The May Laws were an outrage in two senses. They violated the rights of subjects under the Prussian constitution and every principle of liberal society. They attacked the very idea of the Roman Catholic Church as ‘the mystical body of Christ Incarnate’. The Roman Catholic Church cannot be treated like a civilian organization and it had no intention to accept such treatment. On 9 May 1873 Windthorst announced ‘passive resistance against the May Laws: Against this passive resistance everything that is intended in these laws will sooner or later be dashed to pieces. God grant that the Fatherland not suffer harm thereby.’ When on 15 May the Prussian May Laws passed anyway, the Prussian bishops declared themselves ‘not in the position to cooperate in the execution of the laws published on the fifteenth of this month.’69 The failure of Bismarck’s policies became clear in the Reichstag elections of 1874. The Centre doubled its vote from 718,000 in 1871 to 1,493,000 in 1874, in percentage of votes from 18.4 to 27.7 per cent with 95 seats.70 The Catholic population had rallied to the cause.

Odo Russell, who saw Bismarck regularly and enjoyed his confidence, believed that Bismarck had made a big mistake in starting the Kulturkampf. On 18 October 1872 he wrote to Lord Granville:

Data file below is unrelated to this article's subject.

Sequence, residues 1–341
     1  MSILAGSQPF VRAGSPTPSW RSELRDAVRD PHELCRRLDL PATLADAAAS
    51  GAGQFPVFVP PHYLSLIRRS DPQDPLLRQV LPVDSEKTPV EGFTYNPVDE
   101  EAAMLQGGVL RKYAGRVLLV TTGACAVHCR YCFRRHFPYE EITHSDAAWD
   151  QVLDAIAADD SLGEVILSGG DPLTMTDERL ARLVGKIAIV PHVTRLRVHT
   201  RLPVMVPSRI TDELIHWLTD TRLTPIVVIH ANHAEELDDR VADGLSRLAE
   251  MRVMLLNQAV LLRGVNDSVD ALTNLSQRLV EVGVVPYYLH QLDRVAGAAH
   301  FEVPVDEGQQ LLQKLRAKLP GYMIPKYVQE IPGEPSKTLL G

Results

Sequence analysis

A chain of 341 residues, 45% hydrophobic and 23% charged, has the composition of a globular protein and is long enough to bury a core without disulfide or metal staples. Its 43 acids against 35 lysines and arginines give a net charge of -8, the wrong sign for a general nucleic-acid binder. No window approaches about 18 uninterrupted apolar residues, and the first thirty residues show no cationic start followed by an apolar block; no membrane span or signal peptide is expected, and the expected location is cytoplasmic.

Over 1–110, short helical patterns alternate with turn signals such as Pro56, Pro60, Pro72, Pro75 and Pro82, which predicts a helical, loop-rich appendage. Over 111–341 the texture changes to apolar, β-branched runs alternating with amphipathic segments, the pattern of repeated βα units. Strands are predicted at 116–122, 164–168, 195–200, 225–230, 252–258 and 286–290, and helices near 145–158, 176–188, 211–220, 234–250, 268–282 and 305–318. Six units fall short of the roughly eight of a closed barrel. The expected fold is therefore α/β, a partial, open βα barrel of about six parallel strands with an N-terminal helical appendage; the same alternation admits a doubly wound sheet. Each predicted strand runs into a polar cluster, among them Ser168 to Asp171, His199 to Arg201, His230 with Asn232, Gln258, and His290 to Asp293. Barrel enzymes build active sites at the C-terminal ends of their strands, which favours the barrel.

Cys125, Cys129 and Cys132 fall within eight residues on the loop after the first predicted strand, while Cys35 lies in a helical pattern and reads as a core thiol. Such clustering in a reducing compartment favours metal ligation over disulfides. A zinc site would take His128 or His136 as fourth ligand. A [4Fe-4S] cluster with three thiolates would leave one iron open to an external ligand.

I fancy that Bismarck utterly misunderstands and underrates the power of the Church. Thinking himself more infallible than the Pope he cannot tolerate two infallibles in Europe and fancies he can select the next Pope as he would a Prussian general … Hitherto the anti-clerical measures have produced the very state of things the Vatican was working for through the Oecumenical Council, namely, unity and discipline in the clergy under an infallible head, or the Prussian military system applied to the Church.71

These measures bred hatred and violence on both sides. In September Georg Count von Hertling (1843–1919), later to be Reich Chancellor during the First World War,72 wrote from Belgium to Anna von Hertling on the hatred of Catholics by their fellow Germans:

Again and again I have the same experience: scarcely has one exchanged two words with a countryman, than in some place or other, crude or refined, hatred of Catholics comes out.73

By June of 1875 the Frankfurter Zeitung reported that in the first four months of the year, 241 clergy, 136 editors, and 210 other Catholics had been fined or imprisoned; 20 newspapers had been confiscated, 74 houses searched, 103 people expelled or interned, and 55 public meetings broken up; 1,000 rectories, nearly a quarter of all parishes in Prussia, were vacant. By 1876 all Prussian bishops were either in custody or in exile.74 Odo Russell, who had predicted that Bismarck would lose the Kulturkampf, reported to his brother Hastings on the Catholic hierarchy’s reaction to these severe measures: